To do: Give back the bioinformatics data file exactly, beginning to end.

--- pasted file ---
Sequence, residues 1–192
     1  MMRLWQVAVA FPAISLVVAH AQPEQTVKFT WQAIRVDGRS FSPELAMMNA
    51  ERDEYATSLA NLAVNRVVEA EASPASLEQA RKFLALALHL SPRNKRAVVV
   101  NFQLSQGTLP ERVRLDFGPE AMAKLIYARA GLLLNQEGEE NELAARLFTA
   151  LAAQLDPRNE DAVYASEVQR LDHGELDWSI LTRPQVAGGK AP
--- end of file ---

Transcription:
Sequence, residues 1–192
     1  MMRLWQVAVA FPAISLVVAH AQPEQTVKFT WQAIRVDGRS FSPELAMMNA
    51  ERDEYATSLA NLAVNRVVEA EASPASLEQA RKFLALALHL SPRNKRAVVV
   101  NFQLSQGTLP ERVRLDFGPE AMAKLIYARA GLLLNQEGEE NELAARLFTA
   151  LAAQLDPRNE DAVYASEVQR LDHGELDWSI LTRPQVAGGK AP